December 12, 2019

The magic mirror

Illustration by Kyosai Kawanabe.
(1831-1889). In chapter 5 of The Space Alien, Kitamura-san describes a piece of mind-reading alien technology as a "magic mirror."

At first glance, it looked like a round silver metal tray. When I brought my face closer to it, I did not see my reflection as in a typical mirror, but a reflection of my mind. The thoughts of the person holding the mirror are displayed like a photograph on the surface of the silver plate. In short, a movie of the mind.

This "magic mirror" bears a strong resemblance to the jouharikyou (浄玻璃鏡) in Buddhist mythology, commonly translated as "Enma's Mirror of Judgment" or the "Mirror of Karma."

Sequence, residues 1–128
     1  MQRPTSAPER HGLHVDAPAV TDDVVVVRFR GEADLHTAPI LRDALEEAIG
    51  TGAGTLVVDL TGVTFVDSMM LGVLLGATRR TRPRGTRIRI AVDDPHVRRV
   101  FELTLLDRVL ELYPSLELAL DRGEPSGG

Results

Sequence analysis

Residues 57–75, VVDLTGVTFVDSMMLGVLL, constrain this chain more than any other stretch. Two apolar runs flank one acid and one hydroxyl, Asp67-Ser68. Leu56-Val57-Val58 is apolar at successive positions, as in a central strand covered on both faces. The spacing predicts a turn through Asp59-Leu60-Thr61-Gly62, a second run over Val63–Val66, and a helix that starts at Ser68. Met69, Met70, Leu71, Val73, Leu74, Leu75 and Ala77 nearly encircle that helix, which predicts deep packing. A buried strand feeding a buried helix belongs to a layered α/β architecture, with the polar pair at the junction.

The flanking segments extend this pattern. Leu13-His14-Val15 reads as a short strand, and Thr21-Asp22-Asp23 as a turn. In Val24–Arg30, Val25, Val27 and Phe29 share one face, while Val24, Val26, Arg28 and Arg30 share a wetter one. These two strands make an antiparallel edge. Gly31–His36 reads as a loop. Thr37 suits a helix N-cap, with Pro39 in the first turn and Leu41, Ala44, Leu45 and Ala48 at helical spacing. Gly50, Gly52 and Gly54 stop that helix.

Enma (閻魔), commonly known outside Japan as "Yama," is the Ruler of Hell. Enma is a wrathful god who judges the dead. But unlike Saint Peter, he stands at the gates of Hell, where he decides which of the six paths in the eternal cycle of death and rebirth (samsara) the recently deceased will take.

One of the tools Enma uses when passing judgment is a mirror. Wrote the poet Kobayashi Issa (courtesy David Lanoue, edited for syllable count), perhaps referring to Issa's habit of "stealing" flowers from the gardens of his neighbors,

In Enma's mirror
shines back a reflection of
the plum blossom thief

This "magic mirror" reflects the deeds and true nature of those who stand before Enma, such that they cannot deny the verdict he hands down.

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